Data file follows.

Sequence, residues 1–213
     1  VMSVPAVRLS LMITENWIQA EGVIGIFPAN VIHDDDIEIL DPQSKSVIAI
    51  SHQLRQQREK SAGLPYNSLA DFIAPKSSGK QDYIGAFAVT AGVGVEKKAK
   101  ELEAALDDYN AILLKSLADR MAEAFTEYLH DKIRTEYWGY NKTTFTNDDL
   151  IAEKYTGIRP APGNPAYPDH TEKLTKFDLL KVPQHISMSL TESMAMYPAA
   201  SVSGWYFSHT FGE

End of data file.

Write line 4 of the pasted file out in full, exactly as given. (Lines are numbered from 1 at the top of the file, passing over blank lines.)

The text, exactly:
   101  ELEAALDDYN AILLKSLADR MAEAFTEYLH DKIRTEYWGY NKTTFTNDDL